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Gaming Guru

Alana Roberts
 

Couple Allege Intrusion at Treasure Island

4 April 2005

A newly married California couple has alleged in a lawsuit that their honeymoon night at the Treasure Island was ruined when four hotel security guards barged into their penthouse suite while they were having sex.

Officials of the gaming property have denied the couple's version of the incident.

The alleged incident happened on April 19, 2003, following the couple's wedding reception in the suite, said a lawsuit the couple filed in December against Treasure Island and MGM Mirage in Clark County District Court.

They alleged the incident caused them emotional distress and they're seeking in excess of $40,000 including punitive damages. Because of that the couple argues the case should be exempt from arbitration. However the company opposes the exemption request and is seeking to move the case into arbitration, alleging the couple doesn't have enough evidence to get a "probable jury" to award more than $40,000.

In the lawsuit the couple accuses the hotel of negligence, intrusion upon seclusion, negligent infliction of mental distress and intentional infliction of mental distress.

In the lawsuit the couple said the four security guards walked through the suite, entered the bedroom without knocking and watched the couple before the couple noticed them. When the couple asked them why the guards were in the room, they allegedly became belligerent before leaving, the lawsuit said. The company has denied that in its own court filings saying that the couple yelled at them before they left the room.

"What my clients told me is they were of course engaging (in) the consummation of their marriage when Mr. Fischer heard a cough of one of the four security guards," Melanie Porter, an attorney for the couple, said.

The couple allege the incident caused them, "extreme humiliation, distress, embarrassment and anguish and their wedding night was completely ruined," the lawsuit said. Their lawsuit also said the couple has since experienced trouble staying at hotels and that Diane Fischer has been prescribed medication to treat the stress and trauma she felt as a result of the incident.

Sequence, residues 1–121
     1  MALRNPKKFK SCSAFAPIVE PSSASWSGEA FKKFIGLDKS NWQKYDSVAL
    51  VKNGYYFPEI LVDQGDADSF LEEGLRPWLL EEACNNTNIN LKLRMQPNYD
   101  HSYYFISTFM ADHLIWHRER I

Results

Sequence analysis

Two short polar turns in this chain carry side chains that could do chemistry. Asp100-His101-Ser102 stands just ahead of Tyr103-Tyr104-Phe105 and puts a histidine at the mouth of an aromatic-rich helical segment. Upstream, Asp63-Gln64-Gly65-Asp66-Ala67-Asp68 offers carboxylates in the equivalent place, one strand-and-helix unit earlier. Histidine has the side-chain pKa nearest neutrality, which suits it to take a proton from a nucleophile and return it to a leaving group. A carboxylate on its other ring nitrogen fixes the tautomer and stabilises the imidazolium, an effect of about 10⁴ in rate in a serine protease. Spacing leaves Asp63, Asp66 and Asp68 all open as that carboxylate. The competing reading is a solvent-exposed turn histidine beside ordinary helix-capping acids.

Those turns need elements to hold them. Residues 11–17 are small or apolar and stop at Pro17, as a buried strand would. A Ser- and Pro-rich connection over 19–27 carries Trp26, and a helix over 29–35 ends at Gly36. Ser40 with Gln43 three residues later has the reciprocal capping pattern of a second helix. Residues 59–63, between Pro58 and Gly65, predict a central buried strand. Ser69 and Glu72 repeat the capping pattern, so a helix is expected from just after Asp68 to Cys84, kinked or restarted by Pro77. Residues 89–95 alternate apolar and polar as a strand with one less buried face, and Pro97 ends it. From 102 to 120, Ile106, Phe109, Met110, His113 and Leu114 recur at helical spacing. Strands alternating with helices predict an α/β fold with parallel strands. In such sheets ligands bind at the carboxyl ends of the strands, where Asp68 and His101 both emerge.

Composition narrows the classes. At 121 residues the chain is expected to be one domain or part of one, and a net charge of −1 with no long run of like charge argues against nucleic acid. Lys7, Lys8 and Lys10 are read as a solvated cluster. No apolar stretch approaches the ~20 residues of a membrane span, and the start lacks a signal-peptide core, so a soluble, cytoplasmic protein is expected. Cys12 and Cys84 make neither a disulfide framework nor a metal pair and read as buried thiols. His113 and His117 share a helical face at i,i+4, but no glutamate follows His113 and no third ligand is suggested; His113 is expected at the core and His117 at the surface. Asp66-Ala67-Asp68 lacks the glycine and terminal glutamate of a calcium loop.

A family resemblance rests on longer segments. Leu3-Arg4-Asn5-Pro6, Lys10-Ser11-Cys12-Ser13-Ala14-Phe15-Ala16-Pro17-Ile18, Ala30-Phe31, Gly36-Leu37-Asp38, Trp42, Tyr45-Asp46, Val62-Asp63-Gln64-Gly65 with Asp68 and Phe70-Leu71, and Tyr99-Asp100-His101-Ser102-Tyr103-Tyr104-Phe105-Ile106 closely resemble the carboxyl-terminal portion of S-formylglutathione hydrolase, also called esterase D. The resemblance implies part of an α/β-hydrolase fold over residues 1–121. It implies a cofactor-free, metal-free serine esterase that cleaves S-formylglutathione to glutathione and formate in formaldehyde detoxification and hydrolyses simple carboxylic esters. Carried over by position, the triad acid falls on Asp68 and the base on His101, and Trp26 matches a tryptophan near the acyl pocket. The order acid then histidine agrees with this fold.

MGM Mirage spokeswoman Yvette Monet responded to the lawsuit by saying, "we eagerly look forward to presenting the merits of this case in court."

The company has denied all of the couple's allegations either as unverifiable or as inaccurate in an answer filed in February. It also said that the couple did not exercise ordinary caution to avoid the incident and alleges they failed to resolve the dispute by other means.

Another court filing by the company said the guards were checking the welfare of the occupants of the suite next door because they hadn't checked out when they were supposed to. The filing said the guards loudly checked the suite next door and loudly entered the Fischers' suite through an open security door by yelling security no less than three times. The company's filing said the guards noticed a tuxedo jacket and a corsage in the adjoining suite during their check.

Allen Lichtenstein, an attorney for the Nevada American Civil Liberties Union, which has been critical of hotel security in the past, declined to comment specifically on this lawsuit. However, he said it's important for casinos to properly train their security staff about the law.

The ACLU has been critical of hotel security officials when they eject people from privately owned sidewalks because they have been deemed by courts as public forums where public speech can be made, Lichtenstein said. The group has also criticized hotel security officials when they go into rooms and arrest people and about how they treat certain visitors such as advantage gamblers.

"I can't make any general statement about hotel security," Lichtenstein said. "Oftentimes if there's a problem it's because of a lack of training or lack of information from above. There are a variety of circumstances where we've criticized security people at hotels for not doing their jobs properly and violating people's rights."

Tim Donovan, president of the Las Vegas Security Chiefs Association, declined to comment on the case.